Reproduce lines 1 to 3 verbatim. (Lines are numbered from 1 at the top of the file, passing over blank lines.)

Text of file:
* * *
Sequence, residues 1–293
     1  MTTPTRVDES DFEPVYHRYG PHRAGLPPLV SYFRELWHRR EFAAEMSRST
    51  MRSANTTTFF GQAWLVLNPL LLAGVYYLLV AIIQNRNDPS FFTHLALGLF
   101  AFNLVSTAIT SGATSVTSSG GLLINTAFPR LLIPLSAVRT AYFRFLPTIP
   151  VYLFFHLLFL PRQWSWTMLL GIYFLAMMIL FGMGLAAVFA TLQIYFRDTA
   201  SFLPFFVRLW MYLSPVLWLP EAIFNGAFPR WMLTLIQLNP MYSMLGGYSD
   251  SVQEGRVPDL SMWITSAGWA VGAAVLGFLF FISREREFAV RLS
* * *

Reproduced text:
Sequence, residues 1–293
     1  MTTPTRVDES DFEPVYHRYG PHRAGLPPLV SYFRELWHRR EFAAEMSRST
    51  MRSANTTTFF GQAWLVLNPL LLAGVYYLLV AIIQNRNDPS FFTHLALGLF